It must have been hard to find someone to play a drunk, an abuser and such a likeable character all at the same time. Elia Kazan did it in his 1951 film A Streetcar Named Desire, based on the 1947 play by Tennessee Williams. He cast Marlon Brando to play the part of the power-driven, abusive Stanley Kowalski. Of all the film adaptations viewed during this course, Marlon Brando most successfully transformed himself into his role.
After reading the 1947 play by Tennessee Williams, I was eager to see how Brando would portray Stanley. I did not know much about Brando, but had heard many other students speak about him in a positive light. I think Brando surpassed all of my expectations of him as Stanley. From the moment he was tearing through Blanche's belongings to the final moments of him screaming at Stella to return to him, Brando was Stanley. I particularly enjoyed the scene of Blanche's birthday. When Stanley felt demeaned by Stella's name-calling and snide comments, he was quick to reclaim his place as king of his castle. The way he threw his plate against the wall and stood glaring over Stella and Blanche sent chills down my spine. He is ruthless, conniving and powerful, just as the image of Stanley from the play was in my head. But that is not what makes Brando the perfect character. The fact that I could like and hate him at the same time was remarkable. He was attractive, and it was easy to see how someone like Stella could become so wrapped up in her sexual desire for him. He seemed to have this ability to justify his actions and make himself seem like the everyday man simply protecting his home from the invader. His performance was admirable and true. He seemed made for the part.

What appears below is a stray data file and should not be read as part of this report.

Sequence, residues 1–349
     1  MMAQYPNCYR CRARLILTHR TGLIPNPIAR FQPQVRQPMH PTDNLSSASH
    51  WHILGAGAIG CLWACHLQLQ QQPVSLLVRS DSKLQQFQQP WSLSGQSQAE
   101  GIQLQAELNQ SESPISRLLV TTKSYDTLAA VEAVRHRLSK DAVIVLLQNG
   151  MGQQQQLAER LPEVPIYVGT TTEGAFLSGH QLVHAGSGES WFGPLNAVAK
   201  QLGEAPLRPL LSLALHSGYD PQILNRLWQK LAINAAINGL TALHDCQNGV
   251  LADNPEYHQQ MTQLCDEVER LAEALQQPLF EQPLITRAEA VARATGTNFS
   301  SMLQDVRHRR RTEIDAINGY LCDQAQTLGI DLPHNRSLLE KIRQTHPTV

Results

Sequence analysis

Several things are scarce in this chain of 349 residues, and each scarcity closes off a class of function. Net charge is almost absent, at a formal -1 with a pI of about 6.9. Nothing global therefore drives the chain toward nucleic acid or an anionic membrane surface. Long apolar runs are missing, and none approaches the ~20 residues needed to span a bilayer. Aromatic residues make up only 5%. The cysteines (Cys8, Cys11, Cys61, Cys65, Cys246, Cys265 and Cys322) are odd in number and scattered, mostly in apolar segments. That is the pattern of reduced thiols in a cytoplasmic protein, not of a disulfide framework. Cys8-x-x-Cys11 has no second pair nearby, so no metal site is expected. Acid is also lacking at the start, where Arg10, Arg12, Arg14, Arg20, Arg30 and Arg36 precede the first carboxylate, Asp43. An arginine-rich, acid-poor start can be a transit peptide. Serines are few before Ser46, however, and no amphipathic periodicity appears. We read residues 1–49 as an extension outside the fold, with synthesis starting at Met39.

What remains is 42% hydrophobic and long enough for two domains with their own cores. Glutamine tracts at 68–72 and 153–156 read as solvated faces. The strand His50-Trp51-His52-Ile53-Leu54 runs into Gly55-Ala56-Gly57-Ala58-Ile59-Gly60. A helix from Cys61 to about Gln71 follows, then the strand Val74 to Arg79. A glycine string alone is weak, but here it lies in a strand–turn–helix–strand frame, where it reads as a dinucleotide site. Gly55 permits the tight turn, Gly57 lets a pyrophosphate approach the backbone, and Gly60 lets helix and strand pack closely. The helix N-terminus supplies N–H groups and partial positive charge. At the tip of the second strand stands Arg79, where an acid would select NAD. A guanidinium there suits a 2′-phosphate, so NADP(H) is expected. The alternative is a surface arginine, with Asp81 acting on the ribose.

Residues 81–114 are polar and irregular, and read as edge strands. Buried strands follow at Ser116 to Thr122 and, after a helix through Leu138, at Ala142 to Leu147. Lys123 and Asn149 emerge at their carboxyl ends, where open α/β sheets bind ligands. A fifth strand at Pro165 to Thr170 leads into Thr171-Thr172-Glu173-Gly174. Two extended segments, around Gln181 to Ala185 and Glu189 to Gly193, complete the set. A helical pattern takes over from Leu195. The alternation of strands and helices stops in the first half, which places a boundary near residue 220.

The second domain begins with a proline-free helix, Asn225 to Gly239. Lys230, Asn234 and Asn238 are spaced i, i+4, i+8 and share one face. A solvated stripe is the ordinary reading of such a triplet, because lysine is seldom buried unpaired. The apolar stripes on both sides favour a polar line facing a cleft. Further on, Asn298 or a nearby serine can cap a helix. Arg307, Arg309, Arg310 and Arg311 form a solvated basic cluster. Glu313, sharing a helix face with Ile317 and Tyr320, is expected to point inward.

It is hard to find good actors today without paying them millions to star in films. Marlon Brando seemed to really have a passion for playing Stanley, and it shows on the screen. His performance made me feel as if I were part of the film. I do not believe any other actor could have done that and made it seem so effortless.